Japanese FDI versus WTO Framework Convention on Tobacco Control

Mahfuz Kabir   | Published: October 01, 2018 20:55:04 | Updated: October 02, 2018 21:12:33


The Bangladesh Investment Development Authority (BIDA) has recently disclosed a piece of 'good news' amid an otherwise stagnant state of foreign direct investment (FDI).  Japan Tobacco Inc. (JTI), which is one of the top five tobacco companies in the world, has decided to acquire Akij Group's United Dhaka Tobacco Company Limited tobacco. The deal is worth USD 1.47 billion (Tk 12,430 crore approx) and is the biggest ever single private FDI in the country.

Dhaka Tobacco, with one-fifth of the market share, is the second largest player in the country's cigarette market after British American Tobacco. Dhaka Tobacco has been a contract manufacturer and distributor of JTI's Winston and Philip Morris' Marlboro in Bangladesh for the last three years. JTI became the owner of Dhaka Tobacco by purchasing Akij stake of $1.09 billion in it and clearing up trademarks and design rights at $386 million. The BIDA Executive Chairman is apparently happy with the deal and claimed the acquisition as a 'good example of FDI'. He also expected that it would add at least $100 million to the country's export earnings subject to the successful execution of JTI's investment plan.

BIDA Executive Chairman's observation about the acquisition, however, goes against the core spirit of the World Health Organisation's Framework Convention on Tobacco Control (FCTC). Bangladesh was the first country to sign the Convention back in 2003 and one of the first countries to ratify it later in 2004. The FCTC was developed in response to the widespread use of tobacco across the world, and to counter devastating tobacco-related illnesses.

The FCTC observes that the spread of the tobacco use is promoted through cross-border trade, FDI, and aggressive global marketing, among others. The fourth preamble of the FCTC articulates the serious concern about the increasing production and consumption of cigarettes and other tobacco products, especially in developing countries. As a signatory of the FCTC, Bangladesh is committed towards reducing production and consumption of tobacco, both locally and globally.

Because of devastating impact of tobacco use on human health, such products are regarded as synonymous to death. High rates of tobacco consumption lead to early deaths and high healthcare costs. Tobacco use kills an estimated 57,000 Bangladeshis every year - about one in six of all deaths among people aged 30 years and older. There are annually about 1.2 million cases of lung cancer, cerebrovascular disease, coronary artery diseases, chronic obstructive pulmonary disease and other tobacco-attributable illnesses in the country.

Globally, according to WHO, about half of the tobacco users die annually who number about 7.0 million people. Another about 0.89 million die due to second-hand use of tobacco. Despite such a big tobacco-related death toll and widespread fatal diseases, multinational tobacco companies have remained virtually remained unchallenged on the ground. The BIDA chief's positive statement regarding this big FDI deal will naturally encourage other manufacturers and multinationals of tobacco products.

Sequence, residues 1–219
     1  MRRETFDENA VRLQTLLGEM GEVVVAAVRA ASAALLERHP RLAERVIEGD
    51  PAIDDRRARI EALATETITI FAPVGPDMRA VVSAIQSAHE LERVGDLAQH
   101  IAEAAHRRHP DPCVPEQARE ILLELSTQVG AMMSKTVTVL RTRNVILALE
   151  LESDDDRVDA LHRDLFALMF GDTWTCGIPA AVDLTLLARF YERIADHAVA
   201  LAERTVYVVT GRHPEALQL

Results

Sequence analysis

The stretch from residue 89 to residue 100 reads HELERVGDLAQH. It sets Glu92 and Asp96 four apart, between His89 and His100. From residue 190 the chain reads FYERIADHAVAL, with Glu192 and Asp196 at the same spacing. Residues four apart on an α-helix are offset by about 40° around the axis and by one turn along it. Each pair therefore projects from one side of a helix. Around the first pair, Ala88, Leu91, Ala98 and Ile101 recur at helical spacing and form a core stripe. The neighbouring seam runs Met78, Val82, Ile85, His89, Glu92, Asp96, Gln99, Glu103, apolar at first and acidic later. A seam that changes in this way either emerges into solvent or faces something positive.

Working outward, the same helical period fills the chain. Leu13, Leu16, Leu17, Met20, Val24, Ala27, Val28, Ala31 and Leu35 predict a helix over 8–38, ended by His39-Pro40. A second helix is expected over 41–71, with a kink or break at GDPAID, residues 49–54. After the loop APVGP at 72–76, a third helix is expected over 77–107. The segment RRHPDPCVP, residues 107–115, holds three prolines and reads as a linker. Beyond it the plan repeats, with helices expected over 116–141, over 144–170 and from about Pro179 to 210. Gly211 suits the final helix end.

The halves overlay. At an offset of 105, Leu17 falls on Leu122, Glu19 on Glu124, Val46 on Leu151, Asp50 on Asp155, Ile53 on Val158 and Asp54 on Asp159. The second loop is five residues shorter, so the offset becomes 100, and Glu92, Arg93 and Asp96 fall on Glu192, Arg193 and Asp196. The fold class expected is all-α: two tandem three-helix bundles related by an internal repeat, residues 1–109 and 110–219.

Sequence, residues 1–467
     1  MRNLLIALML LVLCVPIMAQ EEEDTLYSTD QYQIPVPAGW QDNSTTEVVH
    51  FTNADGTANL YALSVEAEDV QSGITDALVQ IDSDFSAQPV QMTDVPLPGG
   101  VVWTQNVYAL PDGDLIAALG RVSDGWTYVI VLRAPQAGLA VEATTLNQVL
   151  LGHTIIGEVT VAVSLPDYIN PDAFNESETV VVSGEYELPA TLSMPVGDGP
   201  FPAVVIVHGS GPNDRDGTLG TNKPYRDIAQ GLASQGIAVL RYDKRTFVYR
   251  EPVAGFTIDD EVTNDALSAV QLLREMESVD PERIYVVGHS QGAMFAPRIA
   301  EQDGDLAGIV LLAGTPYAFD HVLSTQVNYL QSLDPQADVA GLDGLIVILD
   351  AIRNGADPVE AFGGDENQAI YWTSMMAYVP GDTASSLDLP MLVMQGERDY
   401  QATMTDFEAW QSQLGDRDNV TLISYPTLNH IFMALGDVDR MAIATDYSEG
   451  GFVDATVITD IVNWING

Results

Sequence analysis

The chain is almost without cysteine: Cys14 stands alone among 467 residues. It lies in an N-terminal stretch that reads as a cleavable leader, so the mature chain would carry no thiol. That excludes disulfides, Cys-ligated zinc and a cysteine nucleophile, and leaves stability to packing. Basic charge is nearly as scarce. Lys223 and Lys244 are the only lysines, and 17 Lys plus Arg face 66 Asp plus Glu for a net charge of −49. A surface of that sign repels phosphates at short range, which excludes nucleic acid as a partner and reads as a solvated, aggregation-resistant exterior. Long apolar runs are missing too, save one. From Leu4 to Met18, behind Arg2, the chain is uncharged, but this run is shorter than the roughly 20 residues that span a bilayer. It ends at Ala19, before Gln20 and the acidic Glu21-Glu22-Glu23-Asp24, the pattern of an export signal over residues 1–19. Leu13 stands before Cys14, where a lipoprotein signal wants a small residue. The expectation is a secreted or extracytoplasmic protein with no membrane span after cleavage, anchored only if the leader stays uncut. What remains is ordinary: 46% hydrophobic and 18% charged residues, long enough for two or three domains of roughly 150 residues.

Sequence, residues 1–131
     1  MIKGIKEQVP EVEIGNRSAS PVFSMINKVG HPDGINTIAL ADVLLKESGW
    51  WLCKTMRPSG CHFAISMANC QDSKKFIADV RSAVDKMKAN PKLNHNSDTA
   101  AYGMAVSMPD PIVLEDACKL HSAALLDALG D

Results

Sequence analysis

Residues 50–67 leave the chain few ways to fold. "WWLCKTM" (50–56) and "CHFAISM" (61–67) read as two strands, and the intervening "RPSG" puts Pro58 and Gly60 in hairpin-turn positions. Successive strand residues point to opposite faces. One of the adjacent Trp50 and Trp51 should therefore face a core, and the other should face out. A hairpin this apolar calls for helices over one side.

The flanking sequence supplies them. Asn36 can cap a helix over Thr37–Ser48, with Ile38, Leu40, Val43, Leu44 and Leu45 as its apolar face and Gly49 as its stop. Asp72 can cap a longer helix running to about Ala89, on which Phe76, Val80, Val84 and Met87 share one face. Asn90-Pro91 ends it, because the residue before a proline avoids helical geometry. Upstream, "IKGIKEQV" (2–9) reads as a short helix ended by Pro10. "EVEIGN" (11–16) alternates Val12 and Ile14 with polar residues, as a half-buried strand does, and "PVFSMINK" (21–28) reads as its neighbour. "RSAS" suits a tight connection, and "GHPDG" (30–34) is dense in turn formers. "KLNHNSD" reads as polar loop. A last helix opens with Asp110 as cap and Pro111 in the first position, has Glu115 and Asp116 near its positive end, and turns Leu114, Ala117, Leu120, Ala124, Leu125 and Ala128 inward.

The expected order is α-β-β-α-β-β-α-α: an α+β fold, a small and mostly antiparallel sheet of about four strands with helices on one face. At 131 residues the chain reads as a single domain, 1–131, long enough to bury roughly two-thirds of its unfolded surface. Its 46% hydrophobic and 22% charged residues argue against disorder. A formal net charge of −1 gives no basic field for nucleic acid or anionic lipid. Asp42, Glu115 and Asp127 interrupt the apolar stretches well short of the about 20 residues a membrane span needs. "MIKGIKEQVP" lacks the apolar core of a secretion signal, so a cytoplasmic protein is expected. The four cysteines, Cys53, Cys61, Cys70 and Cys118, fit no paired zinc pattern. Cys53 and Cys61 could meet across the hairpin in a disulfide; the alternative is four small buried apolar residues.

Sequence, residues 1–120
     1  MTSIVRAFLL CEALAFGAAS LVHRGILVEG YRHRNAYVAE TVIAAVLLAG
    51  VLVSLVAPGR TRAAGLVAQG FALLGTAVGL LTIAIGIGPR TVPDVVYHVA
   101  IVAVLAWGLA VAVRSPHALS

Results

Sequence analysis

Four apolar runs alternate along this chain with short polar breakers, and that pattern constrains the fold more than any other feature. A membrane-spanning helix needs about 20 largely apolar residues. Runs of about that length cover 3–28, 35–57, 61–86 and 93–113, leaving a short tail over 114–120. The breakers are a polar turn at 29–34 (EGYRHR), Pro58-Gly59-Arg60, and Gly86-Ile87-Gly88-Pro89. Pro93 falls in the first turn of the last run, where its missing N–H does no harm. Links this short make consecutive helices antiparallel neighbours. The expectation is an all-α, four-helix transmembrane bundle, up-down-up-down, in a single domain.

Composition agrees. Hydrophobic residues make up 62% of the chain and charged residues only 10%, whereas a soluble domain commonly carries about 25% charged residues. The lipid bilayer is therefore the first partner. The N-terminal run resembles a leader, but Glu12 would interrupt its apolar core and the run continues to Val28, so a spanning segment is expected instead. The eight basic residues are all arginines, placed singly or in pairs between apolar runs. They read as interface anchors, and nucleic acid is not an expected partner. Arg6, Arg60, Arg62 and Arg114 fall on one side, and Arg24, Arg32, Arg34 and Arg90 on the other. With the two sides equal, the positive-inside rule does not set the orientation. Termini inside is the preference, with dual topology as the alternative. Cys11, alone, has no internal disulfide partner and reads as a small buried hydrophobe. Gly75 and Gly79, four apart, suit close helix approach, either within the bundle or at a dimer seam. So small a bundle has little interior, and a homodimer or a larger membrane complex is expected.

Although tax and price measures are gradually being intensified, the use of tobacco products is not decreasing significantly due to price-inelastic nature of these products. For example, the estimated total sale of cigarettes was 64,890 billion sticks in 2017-18, and the government revenue generated from this sale was $2.13 billion. However, I found in my research that if the government maintains status quo in cigarette tax, the consumption would not decrease in the medium term and it does not demonstrate negative pattern in reduction of cigarette consumption even if tax rate is raised by 10 per on different price slabs. Because, it does not offset the positive consumption effect of growth rate of per capita income and food inflation. Therefore, the government has to raise the rate of tax on cigarette by at least 14 per cent per annum to have the desired impact on cigarette consumption. In addition, substantial increase in floor price of different brands is required to gain visible effect through price and tax measures. Similar price and tax measures are also required for reducing consumption of other tobacco products. Besides, new FDI needs to be discouraged in harmful sectors like tobacco.

 JTI's business in its home market in Japan market has recently decreased by 5.1 per cent due to strict regulation by Japanese government. Acquisition of Dhaka Tobacco is a part of scaling up of its global business in 130 countries; it also completed acquisition of Russia's tobacco company Donskoy Tobak in early-August this year.

Bangladesh Industrial Policy 2016 welcomes private FDI in all areas of the economy and there is no restriction on the volume of investment. Foreign investors are blessed with a wide range of tax concessions and other fiscal incentives. These benefits are also equally applicable to private FDI in tobacco products. It is, therefore, urgently needed to revise the FDI policy on tobacco to discourage tobacco production and use in the country.

Dr Mahfuz Kabir is Research Director at Bangladesh Institute of International and Strategic Studies (BIISS), Dhaka.

mahfuzkabir@yahoo.com

 

 

 

 

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